Archive for November 18th, 2011
The team behind the finding in September that neutrinos may travel faster than light has carried out an improved version of their experiment – and found the same result.
If confirmed by other experiments, the find could undermine one of the basic principles of modern physics.
Critics of the first report had said that the long bunches of neutrinos used could introduce an error into the test.
The new work, posted to the Arxiv repository, used much shorter bunches.
It has been submitted to the Journal of High Energy Physics, but has not yet been reviewed by the scientific community.
The experiments have been carried out by the Opera collaboration – short for Oscillation Project with Emulsion-tRacking Apparatus.
The Economist ran a fascinating (and popular) poll of British readers, asking which “Americanisms” they use. Many, it turns out, have taken to saying “apartment” instead of “flat” and “sidewalk” instead of “pavement.” So let’s flip it around: Which dreadful Americanisms would you trade for something from the mother country?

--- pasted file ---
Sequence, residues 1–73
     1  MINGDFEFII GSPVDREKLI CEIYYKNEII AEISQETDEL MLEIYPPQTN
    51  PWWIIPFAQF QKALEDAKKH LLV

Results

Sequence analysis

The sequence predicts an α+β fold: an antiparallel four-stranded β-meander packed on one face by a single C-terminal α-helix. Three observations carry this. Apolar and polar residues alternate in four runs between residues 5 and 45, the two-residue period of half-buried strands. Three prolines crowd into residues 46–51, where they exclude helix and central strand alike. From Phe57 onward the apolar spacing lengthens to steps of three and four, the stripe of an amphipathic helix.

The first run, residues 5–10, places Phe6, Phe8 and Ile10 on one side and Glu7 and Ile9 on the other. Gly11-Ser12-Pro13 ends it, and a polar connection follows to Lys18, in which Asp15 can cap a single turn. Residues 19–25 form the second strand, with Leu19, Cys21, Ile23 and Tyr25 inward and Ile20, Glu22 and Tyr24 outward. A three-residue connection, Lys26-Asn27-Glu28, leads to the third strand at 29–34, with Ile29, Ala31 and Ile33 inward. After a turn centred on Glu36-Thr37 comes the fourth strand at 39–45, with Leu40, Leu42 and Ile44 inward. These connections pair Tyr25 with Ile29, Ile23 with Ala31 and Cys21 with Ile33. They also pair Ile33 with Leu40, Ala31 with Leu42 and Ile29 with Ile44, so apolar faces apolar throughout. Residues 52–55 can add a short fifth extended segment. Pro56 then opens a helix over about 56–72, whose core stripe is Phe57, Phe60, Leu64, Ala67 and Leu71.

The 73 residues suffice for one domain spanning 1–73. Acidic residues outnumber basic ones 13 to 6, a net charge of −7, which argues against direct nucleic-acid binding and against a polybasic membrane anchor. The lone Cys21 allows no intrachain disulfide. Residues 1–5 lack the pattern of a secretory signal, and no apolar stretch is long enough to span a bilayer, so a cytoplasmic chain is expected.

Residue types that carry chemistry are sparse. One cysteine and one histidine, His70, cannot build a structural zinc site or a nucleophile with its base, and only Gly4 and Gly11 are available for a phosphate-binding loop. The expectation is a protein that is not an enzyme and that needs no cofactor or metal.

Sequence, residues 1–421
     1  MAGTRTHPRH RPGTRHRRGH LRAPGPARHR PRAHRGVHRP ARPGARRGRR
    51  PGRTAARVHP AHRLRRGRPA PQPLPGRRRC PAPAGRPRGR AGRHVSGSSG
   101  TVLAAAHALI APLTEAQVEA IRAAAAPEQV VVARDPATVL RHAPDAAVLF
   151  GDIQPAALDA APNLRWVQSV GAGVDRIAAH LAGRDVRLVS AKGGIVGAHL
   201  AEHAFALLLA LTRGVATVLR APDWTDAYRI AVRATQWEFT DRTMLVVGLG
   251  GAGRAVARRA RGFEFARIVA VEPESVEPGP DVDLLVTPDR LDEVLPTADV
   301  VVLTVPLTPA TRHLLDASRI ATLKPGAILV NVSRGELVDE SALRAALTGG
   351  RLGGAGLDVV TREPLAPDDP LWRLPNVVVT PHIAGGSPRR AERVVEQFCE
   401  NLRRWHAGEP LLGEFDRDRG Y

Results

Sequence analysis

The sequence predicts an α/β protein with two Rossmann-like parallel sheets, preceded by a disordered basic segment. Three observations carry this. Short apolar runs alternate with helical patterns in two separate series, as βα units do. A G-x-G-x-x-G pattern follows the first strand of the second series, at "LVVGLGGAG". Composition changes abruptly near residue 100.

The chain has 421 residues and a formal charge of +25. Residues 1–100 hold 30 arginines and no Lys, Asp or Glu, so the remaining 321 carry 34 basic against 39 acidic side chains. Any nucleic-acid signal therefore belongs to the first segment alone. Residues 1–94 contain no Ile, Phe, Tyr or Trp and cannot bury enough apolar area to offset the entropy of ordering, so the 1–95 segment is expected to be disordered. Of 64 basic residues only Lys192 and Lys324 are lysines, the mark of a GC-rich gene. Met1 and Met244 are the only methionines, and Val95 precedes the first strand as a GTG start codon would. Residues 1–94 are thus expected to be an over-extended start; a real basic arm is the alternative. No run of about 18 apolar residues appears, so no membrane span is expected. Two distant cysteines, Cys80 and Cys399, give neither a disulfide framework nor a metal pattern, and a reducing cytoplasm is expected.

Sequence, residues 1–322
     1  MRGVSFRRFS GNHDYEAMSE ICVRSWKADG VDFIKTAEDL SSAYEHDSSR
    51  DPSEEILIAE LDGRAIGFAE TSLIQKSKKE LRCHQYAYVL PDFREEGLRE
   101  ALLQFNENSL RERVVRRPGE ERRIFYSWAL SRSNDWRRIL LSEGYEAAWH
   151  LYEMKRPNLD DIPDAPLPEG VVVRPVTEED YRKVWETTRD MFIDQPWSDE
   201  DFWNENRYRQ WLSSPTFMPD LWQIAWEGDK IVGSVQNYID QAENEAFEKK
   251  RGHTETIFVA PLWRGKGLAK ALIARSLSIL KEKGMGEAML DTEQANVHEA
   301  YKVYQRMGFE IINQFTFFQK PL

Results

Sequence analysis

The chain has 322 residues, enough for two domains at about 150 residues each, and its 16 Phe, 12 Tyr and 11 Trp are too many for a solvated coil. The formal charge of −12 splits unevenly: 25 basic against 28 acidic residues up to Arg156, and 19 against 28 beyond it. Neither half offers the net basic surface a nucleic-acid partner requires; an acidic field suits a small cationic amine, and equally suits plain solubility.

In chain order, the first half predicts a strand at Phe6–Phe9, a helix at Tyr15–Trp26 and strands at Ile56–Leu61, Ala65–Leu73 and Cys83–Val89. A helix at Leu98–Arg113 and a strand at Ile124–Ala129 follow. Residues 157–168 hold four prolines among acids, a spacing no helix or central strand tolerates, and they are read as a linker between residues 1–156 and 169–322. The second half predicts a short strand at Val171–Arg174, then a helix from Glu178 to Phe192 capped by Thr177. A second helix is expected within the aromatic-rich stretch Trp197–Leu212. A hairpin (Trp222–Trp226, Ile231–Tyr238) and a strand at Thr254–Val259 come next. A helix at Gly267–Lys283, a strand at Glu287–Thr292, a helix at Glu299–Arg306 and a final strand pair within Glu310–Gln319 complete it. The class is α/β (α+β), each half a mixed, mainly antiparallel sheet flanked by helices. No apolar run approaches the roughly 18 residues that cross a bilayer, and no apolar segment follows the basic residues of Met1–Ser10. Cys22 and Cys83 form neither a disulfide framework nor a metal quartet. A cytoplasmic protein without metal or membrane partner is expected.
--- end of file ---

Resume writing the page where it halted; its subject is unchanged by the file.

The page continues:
You can see the Economist’s results here. The American “bug” has gained ground on the British “insect,” and beta is increasingly pronounced “bayta” instead of the more British “beeta” (beeta? really?). There’s less enthusiasm for trading “I’m well” for our grammatically questionable “I’m good,” or for correctly pronouncing “controversy.”
Anyway, the magazine survey got us pondering language trade in the other direction. God knows American English could use some fixin’. So we put on our thinking trilbies and made a list of poorly performing linguistic citizens who should be replaced with immigrants. Cast a vote for one below. Or suggest one of your own devising in the comments